A leaky, damaged or clogged up dishwasher drain hose is bound to happen at the most inopportune moment, like when you’ve just finished hosting a meal for friends or family and have used every single plate, cup and piece of cutlery in the house, and really need your dishwasher working.
Your dishwasher drain hose is a very unassuming looking part of your dishwasher, but one of the most critical. Without it, your dishwasher won’t drain the dirty water out of the machine, and you may end up with an unexpected flood in the kitchen. Given that your dishwasher drain hose is made from plastic, it’s not unexpected to have to replace it during your dishwasher’s lifetime. Knowing how to replace it is a handy DIY skill to have and not difficult to do yourself.
Preparation: tools and parts needed
You’ll need a few tools for the job of replacing your dishwasher drain hose:
- Replacement dishwasher drain hose for your model
- Bucket or plastic container (for the dirty water)
Process: replacing the hose step-by-step
Step 1: Turn your dishwasher power off at the wall – unplug it completely if you can, to be safe.
Step 2: Disconnect the drain hose under your sink. It’ll be clamped or clipped, so loosen this either with your screwdriver or pliers, depending on whether it’s a clamp or a clip. Put your bucket or plastic container under the connection point, to catch any dirty water still in the hose.
Step 3: The dishwasher drain hose is located at the bottom of the dishwasher, connected to the drain pump. Remove the bottom access panel (base plate) from the dishwasher with your screwdriver.
Step 4: Unclip the drain pump from the drain hose using pliers to remove it.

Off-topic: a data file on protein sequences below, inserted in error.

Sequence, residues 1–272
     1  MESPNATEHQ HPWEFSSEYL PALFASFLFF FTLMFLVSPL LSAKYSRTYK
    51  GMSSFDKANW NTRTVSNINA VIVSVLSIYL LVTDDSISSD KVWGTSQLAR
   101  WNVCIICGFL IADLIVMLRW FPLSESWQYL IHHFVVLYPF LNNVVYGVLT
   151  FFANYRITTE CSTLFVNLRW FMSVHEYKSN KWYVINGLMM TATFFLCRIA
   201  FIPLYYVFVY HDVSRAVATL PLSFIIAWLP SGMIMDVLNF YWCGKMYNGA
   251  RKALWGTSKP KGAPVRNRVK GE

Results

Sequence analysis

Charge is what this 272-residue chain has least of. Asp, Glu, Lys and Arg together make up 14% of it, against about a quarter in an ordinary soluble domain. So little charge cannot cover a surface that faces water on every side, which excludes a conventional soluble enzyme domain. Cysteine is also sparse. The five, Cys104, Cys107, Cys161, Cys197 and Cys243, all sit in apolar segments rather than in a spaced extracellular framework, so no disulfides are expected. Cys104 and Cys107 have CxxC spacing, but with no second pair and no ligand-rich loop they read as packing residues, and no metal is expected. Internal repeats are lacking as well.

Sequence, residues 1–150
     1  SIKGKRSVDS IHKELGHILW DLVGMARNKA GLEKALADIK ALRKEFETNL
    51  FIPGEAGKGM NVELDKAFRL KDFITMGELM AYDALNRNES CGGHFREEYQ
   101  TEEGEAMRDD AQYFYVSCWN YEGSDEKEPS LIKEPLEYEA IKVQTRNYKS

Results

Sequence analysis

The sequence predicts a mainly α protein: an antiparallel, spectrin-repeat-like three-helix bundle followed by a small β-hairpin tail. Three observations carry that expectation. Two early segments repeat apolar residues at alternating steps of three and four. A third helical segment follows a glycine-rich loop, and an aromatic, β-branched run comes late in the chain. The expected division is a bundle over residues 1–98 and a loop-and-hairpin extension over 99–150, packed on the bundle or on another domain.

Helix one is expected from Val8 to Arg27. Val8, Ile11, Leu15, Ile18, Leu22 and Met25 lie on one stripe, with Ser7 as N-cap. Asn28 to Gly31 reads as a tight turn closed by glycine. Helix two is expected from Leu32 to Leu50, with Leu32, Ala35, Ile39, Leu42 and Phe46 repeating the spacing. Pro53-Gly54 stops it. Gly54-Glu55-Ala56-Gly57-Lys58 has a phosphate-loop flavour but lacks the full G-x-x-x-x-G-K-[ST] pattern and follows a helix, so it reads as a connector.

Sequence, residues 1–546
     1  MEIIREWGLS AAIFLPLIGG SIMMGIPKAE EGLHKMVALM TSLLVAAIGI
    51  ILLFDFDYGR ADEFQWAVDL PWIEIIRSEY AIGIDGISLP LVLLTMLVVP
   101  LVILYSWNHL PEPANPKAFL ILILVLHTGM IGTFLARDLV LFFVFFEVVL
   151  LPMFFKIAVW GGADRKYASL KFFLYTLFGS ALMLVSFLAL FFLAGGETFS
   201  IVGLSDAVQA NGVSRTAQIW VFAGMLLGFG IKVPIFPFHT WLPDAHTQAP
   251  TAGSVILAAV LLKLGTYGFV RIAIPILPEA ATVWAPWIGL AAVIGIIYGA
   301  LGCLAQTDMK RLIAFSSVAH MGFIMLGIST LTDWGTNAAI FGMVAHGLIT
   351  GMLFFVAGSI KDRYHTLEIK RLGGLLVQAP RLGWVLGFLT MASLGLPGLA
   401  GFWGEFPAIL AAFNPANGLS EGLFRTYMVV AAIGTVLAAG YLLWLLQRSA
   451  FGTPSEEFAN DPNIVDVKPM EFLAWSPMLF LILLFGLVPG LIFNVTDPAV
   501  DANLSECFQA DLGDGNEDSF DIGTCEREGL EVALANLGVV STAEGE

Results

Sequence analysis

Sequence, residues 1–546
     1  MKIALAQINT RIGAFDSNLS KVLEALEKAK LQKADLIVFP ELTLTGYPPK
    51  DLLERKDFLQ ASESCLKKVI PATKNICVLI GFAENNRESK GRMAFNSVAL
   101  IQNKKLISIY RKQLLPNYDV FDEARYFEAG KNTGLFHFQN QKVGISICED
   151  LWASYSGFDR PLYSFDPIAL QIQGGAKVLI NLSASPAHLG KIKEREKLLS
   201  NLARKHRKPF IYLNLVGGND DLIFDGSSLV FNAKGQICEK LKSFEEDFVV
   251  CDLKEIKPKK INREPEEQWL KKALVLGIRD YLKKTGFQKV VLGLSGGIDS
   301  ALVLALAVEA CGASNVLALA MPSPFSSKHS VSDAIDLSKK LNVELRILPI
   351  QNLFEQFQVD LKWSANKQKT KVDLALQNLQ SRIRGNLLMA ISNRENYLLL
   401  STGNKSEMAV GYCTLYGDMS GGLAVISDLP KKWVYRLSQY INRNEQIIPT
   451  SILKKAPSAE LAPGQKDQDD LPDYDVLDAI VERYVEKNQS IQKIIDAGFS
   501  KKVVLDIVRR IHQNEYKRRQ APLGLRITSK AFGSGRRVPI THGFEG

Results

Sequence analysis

Step 5: Fit the new dishwasher drain hose in place, and either re-clip with the existing clip or with a replacement clip.
Step 6: Fit the hose and pump back tidily into the base.
Step 7: Close and re-screw the bottom access panel (base plate) back into place.
Step 8: Reconnect the drain hose under the sink, and clamp/clip back into place. It’s not a bad idea to leave the bucket or plastic container under there, just in case you have a leak when you run the machine (if you haven’t connected it tightly enough).
Step 9: Turn your dishwasher power back on and give it a short rinse cycle to check for leaks and that it’s working as it should.
Need parts or advice?
Installing a dishwasher drain hose may seem a bit time consuming and fiddly, but is a great preventative task to do every few years before you find out the hard way that it needs to be replaced.
Here at Wayne's Wholesale Spares, we stock most dishwasher branded parts and spares, along with a number of generic spares for the more obscure branded or older machines that you may be struggling to find parts for. If you need help with sourcing the part you need, or want to talk to one of our friendly, knowledgeable team, then get in touch today. We’re here to help.